Worse, I am responding to this troll article and comments which probably indirectly increases your salary and bonus...

              He didn't want to avoid superset terms, he wanted to avoid superset terms that are also referring to alive animals only ("poultry").
              Get your head out of your arse and stop sighing passive-aggressively.

            Really? All seafood is meat?
            Even Seaweed?


              If that is your most insightful comment you can put to this discussion, then it is you, sir that fails.
              Given the point of the article was stupidity in language, I get the suspicion you are a timely example of it rather than a observer of it.
              Skip on back to your knitting blog, or wherever it is you came from.

                Let's no got over board and start throwing around sweeping generalizations around

            Poultry doesn't just mean living animals. It just means fowl that are raised for their meat or eggs. Once dead they would still be called poultry.

        But you wanted a specific term for a meat coming from a specific animal. Seafood isn't it. Maybe the next time you get bored you can write a followup article on coming up with an alternate food name for fish.

        Seafood is even less specific than "red meat", since it includes fish, shellfish and things like squid and octopus.

    Given the French nature of all other meat words, you it would be right to go with something like "poulet", or to anglicise the word, perhaps "pullet" or "polay"

    Still, I'm going with "chicomeat".

      I also like the idea of calling it "everything" (y'know, because of what it tastes like)

    Since when was venison "rubbish" meat? Clearly you know nothing about food.

      You may be right there: http://www.lifehacker.com.au/2013/03/how-to-cook-and-eat-a-placenta/

    pigs are called ‘pork’

    But sometimes, pigs are called "bacon" or "ham".

    Face it, there's plenty of stupidity in English. There's no fixing it now.

      Isn't the difference there that all bacon and ham IS pork but not all pork is bacon or ham? ;)

    I believe this goes a long way back and is a function of the English languages development. Basically there was a time when the ‘upper class’ was comprised of people with French speaking backgrounds. As these upper class people spent more time with the food as an end product, rather than with the animals themselves, the French names for these animals came to represent the meat we garner from them. French for sheep is moutons for instance, and porc for pig.
    Poulet is French for Chicken by the way.

    Last edited 24/04/13 1:11 pm

      this is correct,

      reason why we dont have a name for chicken is because it wasnt typically eaten by the upper class during that period, they would have eaten better tasting birds like quail

        .... so why isn't their a food name for quail? :)

          because no-one needs to refer to it other than in a food context. You could ask, why doesn't quail have a *non* food name?


      I'm reading a fascinating book at the moment called The Story of English by Philip Gooden, which mentions this very thing.

    'Beef' and 'pork' are both variations from the latin (via old french), so following that logic chicken meat could go by 'pullus' or something similar. But that doesn't have much of a ring to it. We could just call it 'Scooby', after the most famous chicken of all.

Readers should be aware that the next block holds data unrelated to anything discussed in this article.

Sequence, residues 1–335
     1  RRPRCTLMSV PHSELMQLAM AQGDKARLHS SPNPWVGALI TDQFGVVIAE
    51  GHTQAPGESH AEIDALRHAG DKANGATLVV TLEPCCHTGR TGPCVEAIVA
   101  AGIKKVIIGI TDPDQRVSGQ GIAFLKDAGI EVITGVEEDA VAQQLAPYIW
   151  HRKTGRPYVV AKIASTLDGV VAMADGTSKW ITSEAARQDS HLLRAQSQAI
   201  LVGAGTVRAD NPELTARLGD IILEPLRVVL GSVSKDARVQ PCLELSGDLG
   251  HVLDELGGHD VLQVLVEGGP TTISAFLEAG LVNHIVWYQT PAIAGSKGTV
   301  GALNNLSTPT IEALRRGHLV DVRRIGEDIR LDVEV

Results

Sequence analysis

Well there's spatchcock...

    Also, emu is not poultry, emu is game. And amazing.

    We could call it Marty, after Back to the Future.

    "What are ya? CHICKEN?"

      And I thought Marty, had his hand up an Emu's bum! :0

      Emu certainly was game!

      Last edited 27/04/13 11:41 pm

    Whoa, mutton is "rubbish"?? It's delicious!
    And although I've only ever had venison once, cooked in a hangi, it was the most delicious serving of meat I have EVER had. Ever.

    Kangraroo doesn't have a Meat name?

      There was an attempt a number of years ago to call it "australus". Since we're still calling it "kangaroo", I guess it didn't catch on.


      Last edited 24/04/13 2:07 pm

      Ask the french what they call it, the food words have come to English from Norman French. The animals are called by the old Anglo-Saxon names as those are the people who reared them. The Normans who ate them called them by the animals Norman French names.

      It's called "Pal"

    ...S words ‘fryers’, ‘broilers’, and ‘roasters’ — but these are just cooking methods that relate to the size of the bird at hand...

    Actually a Broiler is a breed of chicken (reference); commonly used in Australia for meat chicken production.

    "Broiling" on the other hand is a method of cooking.

    I might be splitting hairs (...feathers?) here, but accuracy never hurt anyone :)

      Actually, it appears to be both a chicken breed AND a chicken size: http://www.thekitchn.com/broiler-fryer-and-roasters-wha-47323 English, eh?

    I think we should call it Chuna, pron: tuna.

      I think we should use chicken and tuna interchangeably

      Chicken = Land-tuna.
      Tuna = Sea-chicken.

    Most of the other specific food words are french loan words so perhaps as hads been mentioned prior Poulet, is the word you are looking for.

    Call them Crazy legs??

    And then you can tell if you want the chicken roasted, fried etc...

    What about Kangaroo, Emu and Crocodile? We don't have any other names for them?

      I always just assumed it's because Australians call a spade a spade and don't really flinch at a chunk of cow on their dinner plate. Which also kinda negates the need for me for a chicken food name, but I'm enjoying the debate. :)

      Skippy, Big Bird and Better enjoy this because I nearly died getting it for you.

    I like palindromes, so here are some random made-up words: yoy, trort, hooganagooh, clolc, wappaw, ootoo, cocadoodacoc (hmmm...)